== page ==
The online format has not replaced offline learning. Lockdown has shown that not everyone is technically prepared for such a change. Putting a teacher with chalk and a whiteboard in Zoom just doesn't work. Mixed format is the best solution, mixing online lectures, face-to-face seminars with networking and one-to-one sessions.
This format has been applied in the West for a long time. A popular example is the University of Minerva. It does not have a campus and staff of teachers, lectures are delivered by invited speakers, students change 7 cities in 4 years: San Francisco, London, Berlin, Taipei, Hyderabad, Buenos Aires and Seoul.
Universities offer retraining or advanced training, but the deadlines can be over a year. In the West, this problem was solved with the help of Certificate Programs, which allow you to acquire new skills in an academic setting in 3-10 months. Thus, The University of Liverpool offers to improve knowledge in IT in 10 months. You can pay for your studies in installments and get a 15% discount.
Roughly the same programs are now offered at the Higher School of Economics. For example, you can get an «SMM 2.0» in 12 weeks. Indeed, if this month you are just a project manager, and tomorrow you have to replace a colleague who launches target advertising, you have to study all the time.
There was interdisciplinarity in universities before. For example, there are IT lawyers and UX / UI designers, who work at the intersection of two areas. Now it looks like this — doctors and teachers study HR and KPIs, and IT specialists work on enterprise management skills and business process modeling.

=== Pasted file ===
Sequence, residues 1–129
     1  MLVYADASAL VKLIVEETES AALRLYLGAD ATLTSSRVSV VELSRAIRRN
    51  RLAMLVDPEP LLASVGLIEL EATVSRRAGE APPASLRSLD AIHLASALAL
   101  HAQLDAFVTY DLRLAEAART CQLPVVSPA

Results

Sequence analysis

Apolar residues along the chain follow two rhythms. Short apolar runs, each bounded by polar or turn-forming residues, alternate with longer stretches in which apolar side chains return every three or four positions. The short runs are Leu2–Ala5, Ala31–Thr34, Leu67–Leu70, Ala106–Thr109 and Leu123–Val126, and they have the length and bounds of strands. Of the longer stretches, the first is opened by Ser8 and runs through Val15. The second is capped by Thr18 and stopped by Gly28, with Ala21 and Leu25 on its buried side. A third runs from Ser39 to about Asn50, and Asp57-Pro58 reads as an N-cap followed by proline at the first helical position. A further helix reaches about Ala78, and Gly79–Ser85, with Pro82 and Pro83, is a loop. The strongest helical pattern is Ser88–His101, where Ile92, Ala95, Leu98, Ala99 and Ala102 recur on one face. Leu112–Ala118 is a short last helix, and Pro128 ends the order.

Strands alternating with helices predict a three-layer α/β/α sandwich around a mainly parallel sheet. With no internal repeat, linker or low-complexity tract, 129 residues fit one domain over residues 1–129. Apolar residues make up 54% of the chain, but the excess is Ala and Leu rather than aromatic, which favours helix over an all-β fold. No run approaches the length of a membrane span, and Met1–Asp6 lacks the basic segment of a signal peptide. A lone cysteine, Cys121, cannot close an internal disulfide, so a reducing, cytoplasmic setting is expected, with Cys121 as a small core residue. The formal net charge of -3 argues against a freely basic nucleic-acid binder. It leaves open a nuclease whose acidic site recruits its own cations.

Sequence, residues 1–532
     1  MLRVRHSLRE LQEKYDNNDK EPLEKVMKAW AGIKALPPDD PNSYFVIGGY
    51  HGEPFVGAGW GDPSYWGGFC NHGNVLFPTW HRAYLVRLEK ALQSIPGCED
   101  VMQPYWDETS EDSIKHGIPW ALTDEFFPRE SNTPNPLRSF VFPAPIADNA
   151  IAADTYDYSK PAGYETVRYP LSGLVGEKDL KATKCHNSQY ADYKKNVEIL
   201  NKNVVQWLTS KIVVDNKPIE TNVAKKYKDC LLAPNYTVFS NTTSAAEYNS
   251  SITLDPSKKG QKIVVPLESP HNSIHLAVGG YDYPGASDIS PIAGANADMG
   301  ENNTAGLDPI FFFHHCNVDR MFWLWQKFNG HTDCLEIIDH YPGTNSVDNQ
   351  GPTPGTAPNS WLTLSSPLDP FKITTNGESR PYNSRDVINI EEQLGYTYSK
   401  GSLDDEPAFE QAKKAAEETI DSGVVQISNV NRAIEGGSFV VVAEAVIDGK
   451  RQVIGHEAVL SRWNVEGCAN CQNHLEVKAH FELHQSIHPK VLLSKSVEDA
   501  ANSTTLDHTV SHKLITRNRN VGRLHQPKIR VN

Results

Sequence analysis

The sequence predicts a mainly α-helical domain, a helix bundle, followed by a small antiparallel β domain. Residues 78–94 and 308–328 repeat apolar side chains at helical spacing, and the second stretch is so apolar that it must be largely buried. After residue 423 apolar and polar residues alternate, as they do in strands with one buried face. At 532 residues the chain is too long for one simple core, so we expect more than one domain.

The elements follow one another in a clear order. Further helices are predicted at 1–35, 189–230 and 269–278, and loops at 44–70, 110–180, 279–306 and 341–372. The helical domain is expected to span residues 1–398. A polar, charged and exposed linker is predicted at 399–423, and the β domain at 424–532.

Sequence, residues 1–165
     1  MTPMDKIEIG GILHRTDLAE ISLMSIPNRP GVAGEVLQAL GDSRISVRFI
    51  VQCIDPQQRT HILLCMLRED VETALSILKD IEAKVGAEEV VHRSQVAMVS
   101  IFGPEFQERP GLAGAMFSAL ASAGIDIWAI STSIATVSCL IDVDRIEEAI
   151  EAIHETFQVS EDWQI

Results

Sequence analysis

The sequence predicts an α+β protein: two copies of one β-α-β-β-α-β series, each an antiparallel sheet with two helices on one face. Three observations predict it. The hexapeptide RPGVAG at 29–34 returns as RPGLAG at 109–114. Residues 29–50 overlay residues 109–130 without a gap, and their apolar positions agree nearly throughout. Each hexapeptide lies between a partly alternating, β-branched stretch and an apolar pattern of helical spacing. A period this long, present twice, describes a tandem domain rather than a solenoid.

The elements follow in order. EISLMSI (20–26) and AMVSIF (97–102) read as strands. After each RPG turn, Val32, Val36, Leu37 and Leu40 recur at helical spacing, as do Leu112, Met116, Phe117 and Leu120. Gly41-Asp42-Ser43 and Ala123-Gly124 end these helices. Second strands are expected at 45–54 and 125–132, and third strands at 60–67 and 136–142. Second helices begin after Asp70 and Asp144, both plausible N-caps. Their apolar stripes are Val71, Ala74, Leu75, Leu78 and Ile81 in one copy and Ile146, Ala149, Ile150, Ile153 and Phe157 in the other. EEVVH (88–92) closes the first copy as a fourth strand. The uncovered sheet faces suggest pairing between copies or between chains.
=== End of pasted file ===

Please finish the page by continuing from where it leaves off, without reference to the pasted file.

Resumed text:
Business is all about convenient format, relatively low cost and short training times. Universities have reputation, trust of the older generation and fundamental knowledge. There is nothing better than teaming up and making a good product. Such online training in Russia has already been launched in the following institutions:
In the West, VR technologies help to apply your knowledge in practice. Yale University is training for cholecystectomy, which has proven to be effective ― the group using VR was 29% faster and less likely to make mistakes.
There are also promises to implement a similar approach in Russia with 5,5 billion rubles allocated to be spent on digital technologies in education.
So here’s a short conclusion of the trends:
Education remains a valuable investment in yourself.
Learning all your life is trendy.
One profession is not for a lifetime.
But even one profession requires a broad range of skills.
Technology, data and new approaches help find the most appropriate format and field.
And despite the large number of new approaches, time has shown that they will be successful only in conjunction with proven techniques. Microproducts will not perform well without listeners' networking, and online education deprives them of personal contact. But the variety of options suggests that now you can definitely study all your life. And if suddenly at the age of 30 you realize that the field you have chosen is not suitable — there is a course, retraining program or master's degree that will help you identify your strengths.